Syrian tanks shell central city, Bedouin villages

Thu, May 12, 2011, 01:00

SYRIAN TANKS were yesterday said to be shelling three districts of the central industrial city of Homs. Bedouin villages in the vicinity were also targeted, confirming information from a Homsi source that impoverished tribal communities have been involved in unrest in the area.

The unidentified source, quoted on the Syria Comment website, said, “The vast majority of Homs is against ‘the revolution’” which, he stated, is being staged by people “from two or three tribes”.

The military crackdown continued in the region of Deraa, the epicentre of the protests, where three people were reportedly killed in the village of Jassem.

Rami Abdel Rahman of the London-based Syrian Observatory for Human Rights said security sweeps were being carried out in the coastal city of Baniyas, encircled by troops. He said 270 people were released from detention and had signed an undertaking to stop protesting.

Al-Jazeera reported that black market arms dealers in neighbouring Lebanon were doing a brisk trade in automatic weapons which are being smuggled across the long, porous border into Syria, where gun ownership has been strictly controlled.

Some of the weapons could be destined to fight the regime, and some for self-defence in case the government falls. Amin Hoteit, a retired Lebanese army brigadier general, said most of the hot spots of the revolt are located near Syria’s borders with Lebanon, Jordan and Iraq, where arms are available.

President Bashar al-Assad was quoted by Syria’s independent al-Watan daily urging Syrians to co-operate with the government in order to ensure the reform process advances, and pledging that detainees would soon be freed. He made these remarks during a meeting with a delegation from the restive suburbs of Damascus, including Maadamiyeh which has been sealed off by the army while officers say troops are pursuing “armed gangs”.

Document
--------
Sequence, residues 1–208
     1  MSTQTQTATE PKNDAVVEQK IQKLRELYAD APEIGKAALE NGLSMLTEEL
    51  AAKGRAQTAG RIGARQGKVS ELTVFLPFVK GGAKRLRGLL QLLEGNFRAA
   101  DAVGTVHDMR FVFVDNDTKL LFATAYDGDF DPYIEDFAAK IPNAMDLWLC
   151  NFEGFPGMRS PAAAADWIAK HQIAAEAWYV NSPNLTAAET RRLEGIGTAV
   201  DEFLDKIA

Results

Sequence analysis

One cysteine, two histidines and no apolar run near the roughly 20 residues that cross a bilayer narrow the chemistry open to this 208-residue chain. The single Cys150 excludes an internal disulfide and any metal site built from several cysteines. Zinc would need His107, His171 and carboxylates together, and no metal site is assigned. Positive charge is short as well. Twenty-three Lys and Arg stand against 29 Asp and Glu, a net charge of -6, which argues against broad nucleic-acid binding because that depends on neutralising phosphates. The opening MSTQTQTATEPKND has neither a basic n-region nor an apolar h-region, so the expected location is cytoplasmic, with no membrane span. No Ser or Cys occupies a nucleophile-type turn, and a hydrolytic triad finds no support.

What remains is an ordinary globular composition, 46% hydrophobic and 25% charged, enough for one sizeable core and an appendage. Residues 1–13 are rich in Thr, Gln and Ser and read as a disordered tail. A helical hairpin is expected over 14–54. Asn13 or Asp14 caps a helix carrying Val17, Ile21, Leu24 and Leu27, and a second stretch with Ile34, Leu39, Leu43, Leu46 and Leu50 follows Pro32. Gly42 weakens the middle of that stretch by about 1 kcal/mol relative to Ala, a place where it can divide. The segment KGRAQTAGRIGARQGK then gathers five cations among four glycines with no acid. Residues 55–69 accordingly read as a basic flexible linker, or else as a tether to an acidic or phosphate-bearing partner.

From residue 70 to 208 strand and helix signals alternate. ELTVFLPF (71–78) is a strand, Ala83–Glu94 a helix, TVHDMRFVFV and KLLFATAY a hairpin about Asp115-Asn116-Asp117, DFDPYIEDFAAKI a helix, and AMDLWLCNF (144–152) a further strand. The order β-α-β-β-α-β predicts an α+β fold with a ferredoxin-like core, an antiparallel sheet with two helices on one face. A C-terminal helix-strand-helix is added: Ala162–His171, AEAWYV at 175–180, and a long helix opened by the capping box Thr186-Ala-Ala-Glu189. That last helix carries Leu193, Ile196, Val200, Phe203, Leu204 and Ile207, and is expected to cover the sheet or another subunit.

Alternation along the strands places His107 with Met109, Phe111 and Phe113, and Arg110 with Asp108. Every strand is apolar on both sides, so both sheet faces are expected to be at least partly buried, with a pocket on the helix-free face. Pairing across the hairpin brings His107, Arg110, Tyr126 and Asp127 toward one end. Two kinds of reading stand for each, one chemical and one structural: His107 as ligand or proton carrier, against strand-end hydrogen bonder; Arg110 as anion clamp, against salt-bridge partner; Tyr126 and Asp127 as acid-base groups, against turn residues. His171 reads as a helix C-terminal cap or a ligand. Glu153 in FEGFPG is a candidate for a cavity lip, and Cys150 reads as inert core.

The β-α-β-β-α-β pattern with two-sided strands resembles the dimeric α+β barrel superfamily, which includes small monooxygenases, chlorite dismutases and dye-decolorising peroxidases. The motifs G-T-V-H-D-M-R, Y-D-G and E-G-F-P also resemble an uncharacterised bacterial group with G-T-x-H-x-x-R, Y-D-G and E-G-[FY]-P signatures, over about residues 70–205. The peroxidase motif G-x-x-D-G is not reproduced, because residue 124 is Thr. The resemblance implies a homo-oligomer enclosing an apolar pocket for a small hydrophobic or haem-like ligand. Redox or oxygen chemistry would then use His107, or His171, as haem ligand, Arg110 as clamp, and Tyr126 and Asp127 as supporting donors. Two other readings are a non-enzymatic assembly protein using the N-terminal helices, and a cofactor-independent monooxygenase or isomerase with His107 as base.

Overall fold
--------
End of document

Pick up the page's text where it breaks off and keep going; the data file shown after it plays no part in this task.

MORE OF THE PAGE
Dr Assad’s cousin, businessman Rami Makhlouf, told the New York Timesthat the regime would not surrender. “We will sit here. We call it fight to the end... [Opponents] should know when we suffer, we will not suffer alone.”

He is one of 13 people on whom sanctions have been imposed by the EU. Brussels is considering adding Dr Assad to the list. Between 620-880 people have been killed and 8,000-10,000 detained during eight weeks of unrest in the country.

UN secretary general Ban Ki-moon urged Dr Assad “to heed calls for reform and freedom and to desist from excessive force and mass arrest of peaceful demon- strators”. He expressed disappointment that UN teams had not yet visited Deraa and nearby Palestinian refugee camps although Dr Assad had said access would be granted.

The UN Relief and Works Agency that looks after Palestinian refugees has suspended operations for 50,000 registered refugees in camps in the Homs and Deraa areas due to unrest. Agency spokesman Chris Gunness said “getting supplies from Damascus to these areas” is difficult and “many people are not able to access these services because of the [precarious] security situation.”